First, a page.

Made In Yorkshire Volume 10 – Oldroyd and Sons

Week by week, we will be delving into the back stories of some of the greatest Yorkshire companies – finding out about the people behind them, their humble beginnings, how they became household names, and where they are now. Today we take a look at E. Oldroyd & Sons [Lofthouse] Ltd, finding out how a fruit farmer from Cambridgeshire went on to produce a foodstuff which now enjoys Protected Designation of Origin status from the European Commission.

 

John Richard Oldroyd was the son of a fruit farmer in the Wisbech area of the Cambridgeshire Fens.  Branching out from his father, he became a very successful farmer and market gardener, producing quality fruit and pigs. Unfortunately, during the depression he lost everything and decided to move to Yorkshire where his daughter Martha Neal had a greengrocer’s shop on Northgate in Wakefield city centre.

 

Oldroyd farm, photo credit , Steve Daniels, Geograph, Creative Commons
Oldroyd farm, photo credit , Steve Daniels, Geograph, Creative Commons

 

Martha wasn’t happy with the quality of the local produce, so she encouraged her father to use his skills and expertise to start growing again. John rented Pymont Farm in Lofthouse and began producing fruit and vegetables. Demand for his produce became so great that he had to send for his son Ernest who came to work with him in 1933, bringing along his wife, and son John Kenneth (Ken).

 

John struck up a friendship with another local farmer and taught him how to grow strawberries. In return John was shown the secrets of growing rhubarb. Not having a forcing shed, he converted an old barn where he grew rhubarb on the ground floor, and reared chickens on the upper floor. John found he enjoyed growing rhubarb and proudly taught Ken his secrets.

 

Ernest was more interested in growing strawberries and vegetables and started a greengrocery delivery service, supplying trade and public from his pony and cart. John eventually moved back to Wisbech, but Ernest stayed in Yorkshire, naming his business E.Oldroyd. In 1942, he made his son Ken a partner, renaming the company E. Oldroyd & Son. By the following year, they had made enough money to purchase Pymont Farm. John died in 1949, and Ken took over the business.

 

Ken soon formed a partnership with his brother-in-law, Jack Proud, who took control of marketing, leaving him to concentrate on growing produce. While the rhubarb growing industry was generally declining, Ken took the bold move of actually expanding the business, taking over other growers in Rothwell, and Carlton where the company remains today.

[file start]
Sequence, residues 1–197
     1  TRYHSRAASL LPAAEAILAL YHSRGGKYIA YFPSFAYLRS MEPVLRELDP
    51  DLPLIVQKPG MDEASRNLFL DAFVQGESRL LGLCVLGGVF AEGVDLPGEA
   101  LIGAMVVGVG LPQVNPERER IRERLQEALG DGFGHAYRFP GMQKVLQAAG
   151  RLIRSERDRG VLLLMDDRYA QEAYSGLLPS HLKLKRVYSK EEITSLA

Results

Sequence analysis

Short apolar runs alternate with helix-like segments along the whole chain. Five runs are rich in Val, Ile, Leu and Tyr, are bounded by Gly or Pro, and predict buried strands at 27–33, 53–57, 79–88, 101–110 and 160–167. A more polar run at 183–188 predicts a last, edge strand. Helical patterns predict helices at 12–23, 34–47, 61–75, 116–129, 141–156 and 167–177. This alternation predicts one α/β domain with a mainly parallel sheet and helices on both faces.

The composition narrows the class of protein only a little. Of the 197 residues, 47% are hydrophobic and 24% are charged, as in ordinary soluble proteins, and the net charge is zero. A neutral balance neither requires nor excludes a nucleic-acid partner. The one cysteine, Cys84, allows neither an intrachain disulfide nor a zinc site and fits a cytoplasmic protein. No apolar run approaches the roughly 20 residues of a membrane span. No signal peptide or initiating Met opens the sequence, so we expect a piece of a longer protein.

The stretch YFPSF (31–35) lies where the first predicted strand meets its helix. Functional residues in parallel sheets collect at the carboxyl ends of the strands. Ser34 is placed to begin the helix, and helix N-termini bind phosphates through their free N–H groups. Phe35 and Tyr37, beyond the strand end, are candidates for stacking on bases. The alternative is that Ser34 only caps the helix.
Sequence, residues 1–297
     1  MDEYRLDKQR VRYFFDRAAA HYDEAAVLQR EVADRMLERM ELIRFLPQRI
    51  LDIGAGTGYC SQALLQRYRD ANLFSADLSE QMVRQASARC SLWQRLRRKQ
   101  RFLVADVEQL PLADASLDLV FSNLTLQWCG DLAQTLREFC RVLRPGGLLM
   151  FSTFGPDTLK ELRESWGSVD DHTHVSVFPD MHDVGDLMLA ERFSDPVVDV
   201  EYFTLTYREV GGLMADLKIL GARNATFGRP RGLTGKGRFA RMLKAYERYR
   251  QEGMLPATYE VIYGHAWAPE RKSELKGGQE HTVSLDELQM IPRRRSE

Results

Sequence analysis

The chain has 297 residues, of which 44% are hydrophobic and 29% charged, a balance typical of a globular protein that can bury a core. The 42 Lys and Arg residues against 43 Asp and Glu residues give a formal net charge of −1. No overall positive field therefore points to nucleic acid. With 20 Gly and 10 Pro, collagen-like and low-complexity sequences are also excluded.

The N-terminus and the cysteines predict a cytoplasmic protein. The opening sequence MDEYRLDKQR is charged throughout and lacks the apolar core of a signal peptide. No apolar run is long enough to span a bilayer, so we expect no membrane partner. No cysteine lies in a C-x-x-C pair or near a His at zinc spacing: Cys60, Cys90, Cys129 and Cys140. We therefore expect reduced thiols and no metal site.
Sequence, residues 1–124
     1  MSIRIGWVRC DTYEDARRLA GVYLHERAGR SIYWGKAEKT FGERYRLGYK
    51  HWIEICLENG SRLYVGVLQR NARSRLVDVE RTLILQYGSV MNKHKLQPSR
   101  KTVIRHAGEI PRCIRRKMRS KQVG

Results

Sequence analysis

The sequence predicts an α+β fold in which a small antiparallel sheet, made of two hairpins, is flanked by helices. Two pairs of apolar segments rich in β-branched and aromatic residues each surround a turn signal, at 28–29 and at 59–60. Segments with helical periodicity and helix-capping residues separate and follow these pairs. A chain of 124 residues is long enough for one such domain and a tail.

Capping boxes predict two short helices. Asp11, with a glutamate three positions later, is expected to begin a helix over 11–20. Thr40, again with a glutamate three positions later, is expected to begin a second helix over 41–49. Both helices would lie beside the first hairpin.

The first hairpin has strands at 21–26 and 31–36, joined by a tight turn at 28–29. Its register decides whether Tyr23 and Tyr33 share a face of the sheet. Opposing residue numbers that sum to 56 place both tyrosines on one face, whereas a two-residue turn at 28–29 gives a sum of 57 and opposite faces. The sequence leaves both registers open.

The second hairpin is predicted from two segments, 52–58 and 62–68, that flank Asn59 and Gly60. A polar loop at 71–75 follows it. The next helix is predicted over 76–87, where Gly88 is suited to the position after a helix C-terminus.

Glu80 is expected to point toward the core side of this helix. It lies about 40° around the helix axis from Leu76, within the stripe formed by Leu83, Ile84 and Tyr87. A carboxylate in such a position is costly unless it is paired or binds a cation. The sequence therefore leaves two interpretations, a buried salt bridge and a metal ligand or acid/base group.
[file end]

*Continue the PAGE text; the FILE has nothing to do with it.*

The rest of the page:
In 1965, the partnership became a company – E. Oldroyd & Sons [Lofthouse] Ltd. Shortly after in 1966, Ken’s eldest son John Graham joined the company, along with Neil Hulme in 1969. Determined to hold together the rhubarb industry, Ken formed  a co-operative – Yorkshire Rhubarb Growers Ltd with other growers in the area, which disbanded in 1996 after several of its members went out of business.

 

Today, the company is one of only a handful of growers still operating in the ‘Rhubarb Triangle’ encompassing the villages of includes Kirkhamgate, East Ardsley, Stanley, Lofthouse and Carlton; although the triangle was originally much bigger stretching out to Leeds, Wakefield and Bradford. A native plant of Siberia, rhubarb thrives in the cold, wet Yorkshire winters. The forced variety spends two years growing in the fields without being harvested, before being transferred to heated huts for their third winter, where they continue to grow in complete darkness. The success of Yorkshire Forced Rhubarb is thought to be in the use of shoddy and mungo (waste products from the woollen industry), used as fertilizer. In February 2010, after a campaign by 12 farmers in the area, and the then Environment Secretary Hillary Benn, Yorkshire Forced Rhubarb was granted Protected Designation of Origin by the European Commission, making it geographically protected in line with Champagne, Stilton cheese, and Parma ham.

Nowadays the farm in Carlton is a tourist attraction, with visitors coming from across the world to witness the growing of Yorkshire forced rhubarb. Pre-booked guided tours are also available through January to March and during Wakefield’s annual Rhubarb festival each February. Various celebrity chefs have also visited Oldroyd’s farm to gain inspiration for their dishes. Rhubarb is a true Yorkshire crop, helping to keep the county on the culinary map through Oldroyd & sons, now one of the largest producers of rhubarb in the UK.

 

In the next post in this series, we will look at Wensleydale Creamery.

 

Further reading for this article:

http://www.yorkshirerhubarb.co.uk/ruhbarb_triangle.htm

http://en.wikipedia.org/wiki/Yorkshire_Forced_Rhubarb